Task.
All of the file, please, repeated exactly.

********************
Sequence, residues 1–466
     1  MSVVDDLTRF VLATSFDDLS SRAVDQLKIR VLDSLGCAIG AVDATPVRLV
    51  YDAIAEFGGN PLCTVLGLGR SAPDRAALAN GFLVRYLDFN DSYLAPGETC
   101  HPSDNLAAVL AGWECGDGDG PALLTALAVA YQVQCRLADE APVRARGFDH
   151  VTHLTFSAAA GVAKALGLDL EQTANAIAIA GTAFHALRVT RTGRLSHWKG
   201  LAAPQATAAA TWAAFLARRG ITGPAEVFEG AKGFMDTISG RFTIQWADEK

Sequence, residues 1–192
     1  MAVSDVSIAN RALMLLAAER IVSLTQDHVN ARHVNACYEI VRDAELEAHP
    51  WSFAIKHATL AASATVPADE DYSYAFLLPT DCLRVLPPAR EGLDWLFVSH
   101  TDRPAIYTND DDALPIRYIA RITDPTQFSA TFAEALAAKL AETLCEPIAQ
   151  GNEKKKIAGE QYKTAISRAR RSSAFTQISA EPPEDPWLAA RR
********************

Sequence, residues 1–466
     1  MSVVDDLTRF VLATSFDDLS SRAVDQLKIR VLDSLGCAIG AVDATPVRLV
    51  YDAIAEFGGN PLCTVLGLGR SAPDRAALAN GFLVRYLDFN DSYLAPGETC
   101  HPSDNLAAVL AGWECGDGDG PALLTALAVA YQVQCRLADE APVRARGFDH
   151  VTHLTFSAAA GVAKALGLDL EQTANAIAIA GTAFHALRVT RTGRLSHWKG
   201  LAAPQATAAA TWAAFLARRG ITGPAEVFEG AKGFMDTISG RFTIQWADEK

Sequence, residues 1–192
     1  MAVSDVSIAN RALMLLAAER IVSLTQDHVN ARHVNACYEI VRDAELEAHP
    51  WSFAIKHATL AASATVPADE DYSYAFLLPT DCLRVLPPAR EGLDWLFVSH
   101  TDRPAIYTND DDALPIRYIA RITDPTQFSA TFAEALAAKL AETLCEPIAQ
   151  GNEKKKIAGE QYKTAISRAR RSSAFTQISA EPPEDPWLAA RR